Get more members of the Politburo

– I can argue with every argument of Vaikule, with every word! – producer and coach Elena Shchegoleva is outraged. – But let’s talk about 17 rubles. She received such an amount (according to Vaikule) as a fee during the Soviet era. This is for a concert. And if she counts all the income, then in those days the artists of the pop genres had earnings several times higher than their monthly salaries. For example, the average earnings of stars per month could be from 1,500 to 3,000 rubles. All of them received a salary according to the scale of fees and fees for each appearance on the stage. Moreover, the average salary in the USSR, for example, in 1975 was 133.54 rubles. A member of the Politburo of the Central Committee of the CPSU had a salary of 1200 rubles, a minister – 700 – 800 rubles.

Elena Shchegoleva. Photo: personal archive

SPECIFICALLY

Creators of three categories

Before perestroika, pop artists from the USSR were evaluated in three categories.

Singers of the first category earned 3 rubles per concert.

The second category – 5 rubles.

Higher – from 13 to 19 rubles.

This fee was in addition to monthly salaries.

People’s artists for the concert were paid several fees at once. For folk song performers, the stakes were higher than for artists. All fees were canceled after perestroika and fees became negotiable.

ALL THE FAMILIAR FACES

Vaikule cannot boast of a large number of hits. Photo: Evgeny MATVEEV/Global Look Press

Laima Vaikule: from songs to perfume

Let’s study the income of the most popular Soviet artists in more detail.

In the early 1970s, Vaikule was a soloist with the Riga Radio and Television Orchestra under the direction of Raimonds Pauls. In the mid-70s, she went with the rock band “Shabashit” in restaurants in the resorts of the Black Sea coast. From 1979 to 1984 she worked in Jurmala: he sang in a variety show, in a hotel restaurant, in a bar. In the mid-1980s, Laima, with a ballet and a group, created her own show. In 1984, Vaikule first appeared on Central TV.

All-Union popularity came to her in 1987, when they showed a television version of Raimonds Pauls’ creative evening at the State Central Concert Hall, and the singer’s first two hits came out. The premiere of Vaikule’s first solo show took place only in 1988. Therefore, in the USSR the artist was popular and actively toured for only three years.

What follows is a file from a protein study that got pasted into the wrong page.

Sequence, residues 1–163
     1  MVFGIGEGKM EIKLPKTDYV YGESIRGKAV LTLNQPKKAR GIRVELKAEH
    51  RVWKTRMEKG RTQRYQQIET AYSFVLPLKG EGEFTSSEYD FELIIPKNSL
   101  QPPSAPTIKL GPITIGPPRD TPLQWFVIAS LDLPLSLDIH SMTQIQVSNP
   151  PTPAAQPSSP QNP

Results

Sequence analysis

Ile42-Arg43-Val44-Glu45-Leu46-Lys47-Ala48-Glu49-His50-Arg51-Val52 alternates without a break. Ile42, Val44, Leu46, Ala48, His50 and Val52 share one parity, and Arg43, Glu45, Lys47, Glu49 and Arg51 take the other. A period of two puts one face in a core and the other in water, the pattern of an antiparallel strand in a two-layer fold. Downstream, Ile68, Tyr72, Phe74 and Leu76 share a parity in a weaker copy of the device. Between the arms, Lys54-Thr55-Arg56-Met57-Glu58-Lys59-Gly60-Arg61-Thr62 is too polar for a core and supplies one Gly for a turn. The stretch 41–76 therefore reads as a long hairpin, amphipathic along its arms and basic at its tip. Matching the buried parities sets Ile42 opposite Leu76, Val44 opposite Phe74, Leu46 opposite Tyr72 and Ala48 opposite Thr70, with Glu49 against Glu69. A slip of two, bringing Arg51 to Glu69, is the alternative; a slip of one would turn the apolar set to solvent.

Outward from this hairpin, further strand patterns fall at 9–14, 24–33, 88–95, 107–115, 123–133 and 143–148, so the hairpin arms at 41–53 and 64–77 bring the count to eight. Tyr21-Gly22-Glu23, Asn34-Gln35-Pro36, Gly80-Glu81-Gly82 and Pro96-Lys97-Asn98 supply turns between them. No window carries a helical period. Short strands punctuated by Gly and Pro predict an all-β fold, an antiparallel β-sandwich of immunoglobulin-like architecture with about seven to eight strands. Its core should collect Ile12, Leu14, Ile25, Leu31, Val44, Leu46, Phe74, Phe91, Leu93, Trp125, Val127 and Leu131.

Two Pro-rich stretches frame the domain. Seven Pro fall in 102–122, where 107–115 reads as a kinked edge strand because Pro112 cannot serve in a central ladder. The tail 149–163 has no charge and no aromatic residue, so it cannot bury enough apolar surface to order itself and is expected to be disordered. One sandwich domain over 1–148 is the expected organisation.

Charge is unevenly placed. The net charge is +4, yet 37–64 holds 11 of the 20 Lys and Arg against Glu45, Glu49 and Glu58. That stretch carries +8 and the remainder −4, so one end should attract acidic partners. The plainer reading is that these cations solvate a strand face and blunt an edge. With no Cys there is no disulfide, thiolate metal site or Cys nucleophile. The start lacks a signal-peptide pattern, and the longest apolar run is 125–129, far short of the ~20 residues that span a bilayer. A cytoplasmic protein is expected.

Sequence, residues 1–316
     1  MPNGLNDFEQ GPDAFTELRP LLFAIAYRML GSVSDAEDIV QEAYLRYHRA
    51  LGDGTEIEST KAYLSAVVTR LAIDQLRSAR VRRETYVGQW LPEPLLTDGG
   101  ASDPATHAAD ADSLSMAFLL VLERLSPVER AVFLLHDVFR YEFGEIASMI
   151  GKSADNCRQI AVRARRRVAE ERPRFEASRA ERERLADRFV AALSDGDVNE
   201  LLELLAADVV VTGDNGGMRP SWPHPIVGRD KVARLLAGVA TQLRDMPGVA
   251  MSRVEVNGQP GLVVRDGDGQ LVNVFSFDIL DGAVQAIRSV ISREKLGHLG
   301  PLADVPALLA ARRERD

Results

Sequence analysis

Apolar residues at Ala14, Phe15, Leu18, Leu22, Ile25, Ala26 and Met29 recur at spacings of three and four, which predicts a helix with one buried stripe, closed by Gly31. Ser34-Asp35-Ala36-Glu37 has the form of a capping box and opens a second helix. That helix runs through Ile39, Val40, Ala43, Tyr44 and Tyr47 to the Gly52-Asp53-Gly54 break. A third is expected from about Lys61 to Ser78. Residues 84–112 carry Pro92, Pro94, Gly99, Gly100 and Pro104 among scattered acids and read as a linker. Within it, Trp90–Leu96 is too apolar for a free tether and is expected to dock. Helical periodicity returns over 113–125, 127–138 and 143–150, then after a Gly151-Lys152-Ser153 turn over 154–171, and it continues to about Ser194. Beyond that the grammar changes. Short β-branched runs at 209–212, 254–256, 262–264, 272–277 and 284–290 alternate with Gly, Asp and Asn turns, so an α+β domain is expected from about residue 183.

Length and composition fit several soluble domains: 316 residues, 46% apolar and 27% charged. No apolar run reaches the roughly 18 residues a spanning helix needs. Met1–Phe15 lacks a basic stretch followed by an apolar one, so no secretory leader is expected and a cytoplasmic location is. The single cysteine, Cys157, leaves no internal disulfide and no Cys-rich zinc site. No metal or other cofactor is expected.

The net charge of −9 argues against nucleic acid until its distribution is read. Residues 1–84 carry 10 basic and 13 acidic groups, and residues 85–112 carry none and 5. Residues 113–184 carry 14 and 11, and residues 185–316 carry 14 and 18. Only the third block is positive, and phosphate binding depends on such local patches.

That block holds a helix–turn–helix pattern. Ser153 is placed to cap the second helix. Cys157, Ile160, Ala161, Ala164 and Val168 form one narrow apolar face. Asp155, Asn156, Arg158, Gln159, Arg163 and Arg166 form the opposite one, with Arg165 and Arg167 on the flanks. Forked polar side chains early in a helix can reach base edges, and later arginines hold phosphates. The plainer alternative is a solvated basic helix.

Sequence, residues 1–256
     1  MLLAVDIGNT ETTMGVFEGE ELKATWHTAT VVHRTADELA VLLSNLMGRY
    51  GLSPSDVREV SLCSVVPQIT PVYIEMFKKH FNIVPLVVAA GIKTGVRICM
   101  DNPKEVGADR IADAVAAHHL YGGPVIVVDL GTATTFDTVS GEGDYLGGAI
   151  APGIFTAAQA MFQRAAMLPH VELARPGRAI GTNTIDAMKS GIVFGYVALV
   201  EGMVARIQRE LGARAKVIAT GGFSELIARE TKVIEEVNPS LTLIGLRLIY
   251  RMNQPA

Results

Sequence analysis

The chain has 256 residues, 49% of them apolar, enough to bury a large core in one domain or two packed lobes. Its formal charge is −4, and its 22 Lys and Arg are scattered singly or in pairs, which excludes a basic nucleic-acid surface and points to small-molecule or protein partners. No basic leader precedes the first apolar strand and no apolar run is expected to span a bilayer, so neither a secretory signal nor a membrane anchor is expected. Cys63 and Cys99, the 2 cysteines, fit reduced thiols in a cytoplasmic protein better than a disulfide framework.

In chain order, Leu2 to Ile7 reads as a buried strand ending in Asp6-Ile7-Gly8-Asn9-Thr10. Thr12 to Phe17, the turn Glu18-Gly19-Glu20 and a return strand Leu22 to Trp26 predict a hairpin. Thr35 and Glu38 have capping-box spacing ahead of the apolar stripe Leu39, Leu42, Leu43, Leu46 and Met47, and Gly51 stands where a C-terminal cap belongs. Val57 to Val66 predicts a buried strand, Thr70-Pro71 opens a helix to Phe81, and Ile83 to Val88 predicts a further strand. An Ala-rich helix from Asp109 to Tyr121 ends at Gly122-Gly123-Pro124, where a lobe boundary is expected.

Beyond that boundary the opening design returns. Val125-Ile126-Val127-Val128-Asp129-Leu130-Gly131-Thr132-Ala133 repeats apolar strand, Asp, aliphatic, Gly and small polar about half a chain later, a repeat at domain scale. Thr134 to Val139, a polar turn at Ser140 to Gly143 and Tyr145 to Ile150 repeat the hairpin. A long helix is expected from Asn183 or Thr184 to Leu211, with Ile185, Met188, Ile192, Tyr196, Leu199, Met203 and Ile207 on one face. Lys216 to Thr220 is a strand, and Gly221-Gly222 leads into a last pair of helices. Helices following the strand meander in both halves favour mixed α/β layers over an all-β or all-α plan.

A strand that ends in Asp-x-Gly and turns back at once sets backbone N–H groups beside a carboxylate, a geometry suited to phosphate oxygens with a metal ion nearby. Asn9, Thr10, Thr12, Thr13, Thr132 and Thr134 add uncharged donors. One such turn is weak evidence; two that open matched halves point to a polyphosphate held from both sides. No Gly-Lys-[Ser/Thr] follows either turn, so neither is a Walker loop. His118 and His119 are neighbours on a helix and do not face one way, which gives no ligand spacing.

Vaikule started earning a lot of money after the collapse of the USSR. In 1993, the singer started her own business in Latvia: she created a company that sells hair cosmetics, equipment for beauty salons. From the “zero” the company worked in Russia: Vaikule owned half with a partner. In addition to selling cosmetics and salon equipment, she even opened the Hairdressing Academy. The company’s revenue in our country for the past year is 390 million rubles. At the end of the summer, Vaikule left the Russian business. The singer also earned money in Russia – with concerts, wildlife sanctuaries, filming on television until the beginning of a special military operation. In Moscow, Vaikule left an apartment of 114 square meters. m on Zoo Street.

As it stands now: Vaikule’s fee for a private concert for the past three years has been 30 thousand euros (2 million rubles).

Also, Pugacheva was paid extra “for skill.”

Photo: GLOBAL LOOK PRESS

Alla Pugacheva: the fee grew steadily

Until 1975, the AB fee for a concert was 10 rubles. The fee grew along with the popularity. In 1980, the singer was awarded the title of “Honored Artist of the RSFSR”, in 1985 – “People’s Artist of the RSFSR”. Thanks to the titles, he was paid two fees for the concert – 38 rubles, plus they paid an additional 9 rubles 50 kopecks “for skill”. The star went on stage at least 15 times a month and in this case he received 712 rubles 50 kopecks. And the average salary in the USSR in 1985 was 190 rubles a month.